I don’t believe the three servants and the master were real people, but I do believe Jesus told this parable to make a point about using what we’re given. It’s still history, as the storyteller is very real, and there are plenty of witnesses who saw him give this parable, and if this message was later written in the Bible incorrectly, there were many, many people who’d know it and rebuke the misinformation.

I think of it in terms of a historian writing a book in 2030 about the events of 9/11 and explaining how the aliens burned down the World Trade Center with their heat vision on September 11, 2001. Um…no. But there was a fire! It must be true. No! Stop being stupid! There were no aliens and no heat rays. You watch too many movies, Mr. Historian.

We can treat the Bible as a history book because there were plenty of people still alive at the time of its writing that would call out its inaccuracies, if it had any, based on the consistency of their eyewitness accounts. And even if they weren’t there personally, the correct information would’ve survived just as our correct information about the assassination of JFK has endured 53 years. If you tell someone JFK was murdered in Houston, Texas, they would quickly reeducate you that it happened in Dallas. If the story of Jesus was written ANY other way, the authors of those four books (Matthew, Mark, Luke, and John) would’ve been laughed out of a reporting job (and possibly sent into exile—those days were a lot tougher on mistakes than they are today—but at the very least they would’ve had their books rejected). There was no way they could’ve gotten it wrong and gotten it into the history book. The people of that time cared more about the historical account than even we do.

Outside of the parables and the history accounts, the Bible is also made up of prophecies, and I’m pretty sure this is where most people have problems with it (well, no, most people have problems with what it claims as sin, but I’ll get to that in a moment). In short, I don’t understand prophecies, or how a prophet can know what God is telling him. But there’s a good reason for that. I’m not a prophet. I don’t specialize in prophecies. But, just as I trust a physicist to tell me the truth about gravity and a mathematician to tell me the truth about one plus one, I trust a prophet to tell me the truth about the heart of God, or in more relevant terms, the divine inspiration of God’s Word, aka, the Bible. I believe the Bible is true because I believe God is wiser than I am and that He knows how to get His exact message across to the world, even if I don’t understand the details. That’s fine, really. God knows not to trust me with His divine prophetic words. I’d screw it up. It’s not my gift. It’s why He gave it to the prophets. They’d know how to handle it.

The people who accuse the Bible of being false, or fictitious, do so in complete ignorance. The same people who accuse Christians of having a closed mind are not that good at opening their own minds, because if they were, they’d investigate biblical truth until they found emphatic proof that it’s a lie (which no one in human history has ever done, FYI—even those theorists—Note: those who specialize in theory, not fact—who think they’ve disproved the Bible because they compared it to something they believe (not proved) and found fault based on their limited understanding just haven’t dared to keep looking beyond their limited understanding or skewed worldview; anyone who has, has given up their quest and become Christians, and yes, that is documented). No, they, too, have a closed mind because they don’t want to find out they’re dead wrong (which they will if they dig deep enough), and why would they want to ruin their precious reputations on silly things like facts or truth?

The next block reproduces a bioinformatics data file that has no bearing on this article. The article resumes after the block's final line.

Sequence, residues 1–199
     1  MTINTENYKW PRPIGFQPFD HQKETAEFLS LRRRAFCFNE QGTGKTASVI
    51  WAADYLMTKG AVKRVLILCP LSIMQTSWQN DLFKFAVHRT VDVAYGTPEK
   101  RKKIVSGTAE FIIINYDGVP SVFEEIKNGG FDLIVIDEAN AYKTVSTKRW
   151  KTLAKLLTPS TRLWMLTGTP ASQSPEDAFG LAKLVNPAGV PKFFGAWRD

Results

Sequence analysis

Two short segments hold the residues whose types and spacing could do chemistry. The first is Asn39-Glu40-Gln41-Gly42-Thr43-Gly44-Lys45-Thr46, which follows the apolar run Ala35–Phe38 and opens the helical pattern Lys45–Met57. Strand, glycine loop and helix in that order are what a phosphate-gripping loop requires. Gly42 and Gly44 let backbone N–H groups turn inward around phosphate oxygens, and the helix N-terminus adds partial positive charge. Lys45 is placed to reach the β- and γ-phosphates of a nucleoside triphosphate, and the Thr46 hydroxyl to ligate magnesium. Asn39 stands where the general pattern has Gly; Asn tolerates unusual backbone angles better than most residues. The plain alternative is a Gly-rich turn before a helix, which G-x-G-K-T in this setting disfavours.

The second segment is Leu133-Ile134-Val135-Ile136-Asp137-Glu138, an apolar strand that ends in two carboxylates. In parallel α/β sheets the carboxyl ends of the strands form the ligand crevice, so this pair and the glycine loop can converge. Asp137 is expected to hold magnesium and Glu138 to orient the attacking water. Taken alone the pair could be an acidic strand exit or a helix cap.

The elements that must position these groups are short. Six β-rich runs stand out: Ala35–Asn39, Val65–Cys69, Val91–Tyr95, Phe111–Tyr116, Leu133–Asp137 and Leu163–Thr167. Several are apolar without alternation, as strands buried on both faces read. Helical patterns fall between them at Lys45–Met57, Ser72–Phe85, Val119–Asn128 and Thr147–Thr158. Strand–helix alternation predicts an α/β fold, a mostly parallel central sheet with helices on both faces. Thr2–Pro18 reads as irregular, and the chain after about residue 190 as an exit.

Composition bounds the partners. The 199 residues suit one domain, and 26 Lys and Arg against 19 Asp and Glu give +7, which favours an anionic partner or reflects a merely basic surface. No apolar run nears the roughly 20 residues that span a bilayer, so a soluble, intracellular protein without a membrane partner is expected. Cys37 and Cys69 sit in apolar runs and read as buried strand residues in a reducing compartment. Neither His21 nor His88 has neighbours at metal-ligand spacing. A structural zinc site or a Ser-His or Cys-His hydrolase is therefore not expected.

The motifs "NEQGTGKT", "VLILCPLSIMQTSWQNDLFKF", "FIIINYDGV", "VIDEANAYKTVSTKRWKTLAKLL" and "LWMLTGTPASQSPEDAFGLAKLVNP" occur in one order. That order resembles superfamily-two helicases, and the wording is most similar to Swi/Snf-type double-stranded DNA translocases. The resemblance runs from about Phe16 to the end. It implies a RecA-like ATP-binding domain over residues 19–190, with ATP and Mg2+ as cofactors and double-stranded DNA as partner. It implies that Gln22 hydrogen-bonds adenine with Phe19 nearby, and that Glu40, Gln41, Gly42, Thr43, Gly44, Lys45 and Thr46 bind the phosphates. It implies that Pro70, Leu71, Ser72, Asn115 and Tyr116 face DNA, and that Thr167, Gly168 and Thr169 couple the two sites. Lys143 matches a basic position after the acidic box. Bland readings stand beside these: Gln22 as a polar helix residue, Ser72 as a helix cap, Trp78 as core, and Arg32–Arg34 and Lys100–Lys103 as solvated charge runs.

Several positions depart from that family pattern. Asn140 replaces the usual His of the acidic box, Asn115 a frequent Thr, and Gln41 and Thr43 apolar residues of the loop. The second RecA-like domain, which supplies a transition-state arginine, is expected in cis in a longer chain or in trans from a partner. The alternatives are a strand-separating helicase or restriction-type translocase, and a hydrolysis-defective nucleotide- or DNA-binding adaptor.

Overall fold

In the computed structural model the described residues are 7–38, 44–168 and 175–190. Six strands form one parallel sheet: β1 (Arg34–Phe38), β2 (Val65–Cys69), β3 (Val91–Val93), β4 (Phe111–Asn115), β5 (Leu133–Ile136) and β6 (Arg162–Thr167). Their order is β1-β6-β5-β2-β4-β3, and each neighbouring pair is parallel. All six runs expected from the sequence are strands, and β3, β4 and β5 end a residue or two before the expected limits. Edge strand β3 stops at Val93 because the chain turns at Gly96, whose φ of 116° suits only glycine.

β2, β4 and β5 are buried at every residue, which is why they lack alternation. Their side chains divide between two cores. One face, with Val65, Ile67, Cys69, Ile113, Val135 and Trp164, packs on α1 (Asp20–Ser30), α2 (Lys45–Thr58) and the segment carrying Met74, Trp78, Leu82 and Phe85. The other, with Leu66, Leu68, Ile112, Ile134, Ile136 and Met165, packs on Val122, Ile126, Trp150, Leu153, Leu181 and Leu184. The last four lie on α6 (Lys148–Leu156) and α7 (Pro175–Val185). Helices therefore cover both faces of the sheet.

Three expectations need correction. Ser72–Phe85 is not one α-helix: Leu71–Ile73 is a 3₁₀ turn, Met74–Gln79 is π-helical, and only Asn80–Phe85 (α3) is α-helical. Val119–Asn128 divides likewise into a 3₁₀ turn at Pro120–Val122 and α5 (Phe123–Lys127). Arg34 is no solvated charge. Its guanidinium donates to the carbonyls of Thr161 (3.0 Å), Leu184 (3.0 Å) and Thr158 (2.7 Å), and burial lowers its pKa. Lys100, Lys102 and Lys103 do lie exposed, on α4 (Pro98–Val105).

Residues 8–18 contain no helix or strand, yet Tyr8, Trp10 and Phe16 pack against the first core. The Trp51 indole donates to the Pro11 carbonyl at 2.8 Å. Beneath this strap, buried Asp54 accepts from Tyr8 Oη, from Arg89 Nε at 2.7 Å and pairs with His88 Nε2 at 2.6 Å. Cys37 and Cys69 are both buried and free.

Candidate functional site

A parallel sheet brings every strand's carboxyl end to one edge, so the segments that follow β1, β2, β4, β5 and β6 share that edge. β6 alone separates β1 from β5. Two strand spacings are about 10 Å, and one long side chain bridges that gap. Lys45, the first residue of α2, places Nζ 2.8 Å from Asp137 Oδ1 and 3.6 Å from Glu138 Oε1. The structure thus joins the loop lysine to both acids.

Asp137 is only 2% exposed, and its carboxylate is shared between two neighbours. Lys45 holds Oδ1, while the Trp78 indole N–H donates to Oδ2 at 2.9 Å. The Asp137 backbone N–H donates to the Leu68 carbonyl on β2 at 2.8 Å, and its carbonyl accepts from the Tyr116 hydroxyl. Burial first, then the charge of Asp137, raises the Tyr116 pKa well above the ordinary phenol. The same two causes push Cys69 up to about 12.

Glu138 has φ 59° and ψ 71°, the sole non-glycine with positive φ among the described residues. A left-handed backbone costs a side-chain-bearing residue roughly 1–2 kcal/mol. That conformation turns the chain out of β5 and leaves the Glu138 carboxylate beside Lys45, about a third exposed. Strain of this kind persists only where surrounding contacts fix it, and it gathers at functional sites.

And for the record, Christians have closed minds because once we figure out the truth, we have no reason to lie to ourselves any further. Having an open mind means we’re still searching for the truth. We’re not. We’ve found it and we know it. There are many reasons why we know we’ve found the truth; often it has to do with what Christianity is—a relationship with Christ that goes deeper than knowledge or theory. It’s the same reason why we understand our spouses better than our grocers understand our spouses. Our grocers may think they know our spouses, but they don’t, not really. They only know what they see. They don’t know the fullness of what we’ve experienced, so they don’t know our spouses like we do. Christianity is the same way. We understand Christ better than non-Christians do. That’s why we choose to serve him. Just like a husband might serve his wife, and a wife her husband. They understand what they have (ideally, of course—human nature does get in the way sometimes, but that’s another topic for another time). We’re not idiots. We just have an understanding that you don’t. And that’s unfortunate for you. Sorry to call it out like it is. But, no, actually I’m not sorry.

I am sorry about the second point on the list, the bigotry. But let me explain why this is still a problem:

Christianity is not a religion. It’s a relationship with Jesus Christ, who died for all of our sins. Now, to be clear, sin is sin, and I do not suggest that anything that is sin shouldn’t be called sin. If it’s sin, it’s sin. Period. And if it’s sin, it is the thing that can keep you out of Heaven. Period.


That’s why Jesus came to mankind. Because we all do it. Sin. We’re all equal opportunity sinners, and Jesus, thankfully, is an equal opportunity savior.

The problems with Christianity, and the bad rep it gets with things like bigotry, comes down to Christians trying to make it into a religion. It’s about some Christians trying to be better than everyone else. I’m probably guilty of this myself sometimes.

Look, let me set the record straight. We’re not better than anyone else. Period. Part of believing in an equal opportunity savior is to acknowledge that we, too, are equal opportunity sinners.